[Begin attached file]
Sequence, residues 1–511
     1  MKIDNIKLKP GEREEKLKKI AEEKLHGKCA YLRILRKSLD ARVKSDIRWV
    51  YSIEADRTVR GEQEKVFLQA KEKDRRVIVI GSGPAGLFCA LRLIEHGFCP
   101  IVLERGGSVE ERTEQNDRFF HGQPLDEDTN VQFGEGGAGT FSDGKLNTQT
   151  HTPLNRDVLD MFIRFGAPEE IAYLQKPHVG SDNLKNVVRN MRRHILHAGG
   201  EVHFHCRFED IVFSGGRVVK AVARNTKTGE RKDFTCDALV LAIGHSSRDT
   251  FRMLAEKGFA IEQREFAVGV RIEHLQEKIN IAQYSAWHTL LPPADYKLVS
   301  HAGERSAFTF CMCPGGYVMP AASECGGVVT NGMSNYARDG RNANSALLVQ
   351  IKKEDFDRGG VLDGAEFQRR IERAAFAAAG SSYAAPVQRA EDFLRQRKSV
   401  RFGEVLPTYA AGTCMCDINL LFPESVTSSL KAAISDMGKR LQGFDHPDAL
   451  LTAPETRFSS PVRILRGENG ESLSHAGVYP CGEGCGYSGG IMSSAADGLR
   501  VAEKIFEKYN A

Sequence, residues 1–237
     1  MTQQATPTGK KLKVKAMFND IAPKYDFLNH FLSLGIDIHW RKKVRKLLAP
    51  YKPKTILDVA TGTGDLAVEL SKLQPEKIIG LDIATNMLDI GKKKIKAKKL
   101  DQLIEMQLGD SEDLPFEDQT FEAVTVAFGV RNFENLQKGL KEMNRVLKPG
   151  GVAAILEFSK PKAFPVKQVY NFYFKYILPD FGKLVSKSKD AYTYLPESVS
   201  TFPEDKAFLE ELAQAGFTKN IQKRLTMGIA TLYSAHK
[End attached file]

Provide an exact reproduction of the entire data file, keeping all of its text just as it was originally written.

Sequence, residues 1–511
     1  MKIDNIKLKP GEREEKLKKI AEEKLHGKCA YLRILRKSLD ARVKSDIRWV
    51  YSIEADRTVR GEQEKVFLQA KEKDRRVIVI GSGPAGLFCA LRLIEHGFCP
   101  IVLERGGSVE ERTEQNDRFF HGQPLDEDTN VQFGEGGAGT FSDGKLNTQT
   151  HTPLNRDVLD MFIRFGAPEE IAYLQKPHVG SDNLKNVVRN MRRHILHAGG
   201  EVHFHCRFED IVFSGGRVVK AVARNTKTGE RKDFTCDALV LAIGHSSRDT
   251  FRMLAEKGFA IEQREFAVGV RIEHLQEKIN IAQYSAWHTL LPPADYKLVS
   301  HAGERSAFTF CMCPGGYVMP AASECGGVVT NGMSNYARDG RNANSALLVQ
   351  IKKEDFDRGG VLDGAEFQRR IERAAFAAAG SSYAAPVQRA EDFLRQRKSV
   401  RFGEVLPTYA AGTCMCDINL LFPESVTSSL KAAISDMGKR LQGFDHPDAL
   451  LTAPETRFSS PVRILRGENG ESLSHAGVYP CGEGCGYSGG IMSSAADGLR
   501  VAEKIFEKYN A

Sequence, residues 1–237
     1  MTQQATPTGK KLKVKAMFND IAPKYDFLNH FLSLGIDIHW RKKVRKLLAP
    51  YKPKTILDVA TGTGDLAVEL SKLQPEKIIG LDIATNMLDI GKKKIKAKKL
   101  DQLIEMQLGD SEDLPFEDQT FEAVTVAFGV RNFENLQKGL KEMNRVLKPG
   151  GVAAILEFSK PKAFPVKQVY NFYFKYILPD FGKLVSKSKD AYTYLPESVS
   201  TFPEDKAFLE ELAQAGFTKN IQKRLTMGIA TLYSAHK